In August, an “anti-diversity manifesto” penned by a Google employee had taken the tech world by storm. While the elaborate note did reek of White, male privilege, it also brought to focus Google’s gender ratios and diversity policies. Not a lot of it was encouraging, considering only one-fifth of Google’s tech workforce was made up of women. More recently, new allegations surfaced that Google pays its women lesser than men. Some female employees even filed a class action lawsuit against the company. However, a California state court has just dismissed the suit, Reuters reports.
The judge has stated that the lawsuit, which represented all female Google employees in California, was “too vague”. And she has asked the plaintiffs to file a new complaint for only the specific groups of women affected by the gender pay gap. The court has given them a month to file a new suit, which essentially means that Google has avoided any legal action until mid-January. However, the plaintiffs may not be deterred considering they aren’t the first ones to point out pay discrimination at the search giant.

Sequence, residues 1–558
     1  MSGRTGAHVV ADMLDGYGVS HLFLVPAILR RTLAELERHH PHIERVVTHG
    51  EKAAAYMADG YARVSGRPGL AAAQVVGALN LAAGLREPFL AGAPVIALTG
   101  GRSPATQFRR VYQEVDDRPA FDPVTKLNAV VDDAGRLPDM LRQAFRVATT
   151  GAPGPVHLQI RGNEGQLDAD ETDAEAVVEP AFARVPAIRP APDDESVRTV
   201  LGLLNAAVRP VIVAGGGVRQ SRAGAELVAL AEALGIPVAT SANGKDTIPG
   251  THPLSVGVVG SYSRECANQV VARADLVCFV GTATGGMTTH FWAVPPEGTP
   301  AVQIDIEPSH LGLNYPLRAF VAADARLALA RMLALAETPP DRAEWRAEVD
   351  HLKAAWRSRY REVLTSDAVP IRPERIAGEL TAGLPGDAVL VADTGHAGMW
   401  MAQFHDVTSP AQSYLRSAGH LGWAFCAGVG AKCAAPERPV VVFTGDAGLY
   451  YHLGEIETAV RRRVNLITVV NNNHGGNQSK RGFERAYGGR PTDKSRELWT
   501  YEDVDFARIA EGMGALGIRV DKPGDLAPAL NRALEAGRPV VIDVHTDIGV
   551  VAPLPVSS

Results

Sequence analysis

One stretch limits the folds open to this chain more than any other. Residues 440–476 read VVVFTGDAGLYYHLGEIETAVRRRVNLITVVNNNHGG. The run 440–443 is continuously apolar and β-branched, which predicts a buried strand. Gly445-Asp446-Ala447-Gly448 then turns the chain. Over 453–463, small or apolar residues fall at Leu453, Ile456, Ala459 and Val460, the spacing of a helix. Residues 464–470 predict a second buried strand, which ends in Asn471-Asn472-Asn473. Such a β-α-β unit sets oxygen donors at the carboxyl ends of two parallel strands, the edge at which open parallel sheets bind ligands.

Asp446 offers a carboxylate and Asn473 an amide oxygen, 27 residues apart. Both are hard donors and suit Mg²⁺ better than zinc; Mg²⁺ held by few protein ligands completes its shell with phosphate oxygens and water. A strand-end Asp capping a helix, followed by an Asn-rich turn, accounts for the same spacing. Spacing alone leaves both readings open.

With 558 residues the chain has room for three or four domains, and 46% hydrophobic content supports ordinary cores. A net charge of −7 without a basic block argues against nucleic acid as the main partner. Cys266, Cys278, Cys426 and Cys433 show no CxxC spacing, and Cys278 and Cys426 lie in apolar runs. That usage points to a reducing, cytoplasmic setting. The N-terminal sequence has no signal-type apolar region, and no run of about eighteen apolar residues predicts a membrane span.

In April, the US Department of Labor (DoL) had accused Google of “systemic compensation disparities against women pretty much across the entire workforce.” The DoL stated that it had received “compelling evidence of very significant discrimination against women” in the most common positions at Google. The company, however, denied allegations of any gender pay gap. “Every year, we do a comprehensive and robust analysis of pay across genders and we have found no gender pay gap,” Google claimed in a statement. However, it refused to part with wage data saying it was too “cumbersome”.
The complainants, who filed the lawsuit in September, alleged that Google was paying women significantly less than men for similar jobs. They further claimed that the firm was assigning inferior jobs to women workers that made them less eligible for promotions and perks. The lawyer representing the three women who are behind the lawsuit has said that “Google violates the California Equal Pay Act… by paying women less than men for substantially equal work in nearly every job classification.” He’s announced that a new lawsuit would be filed in early January.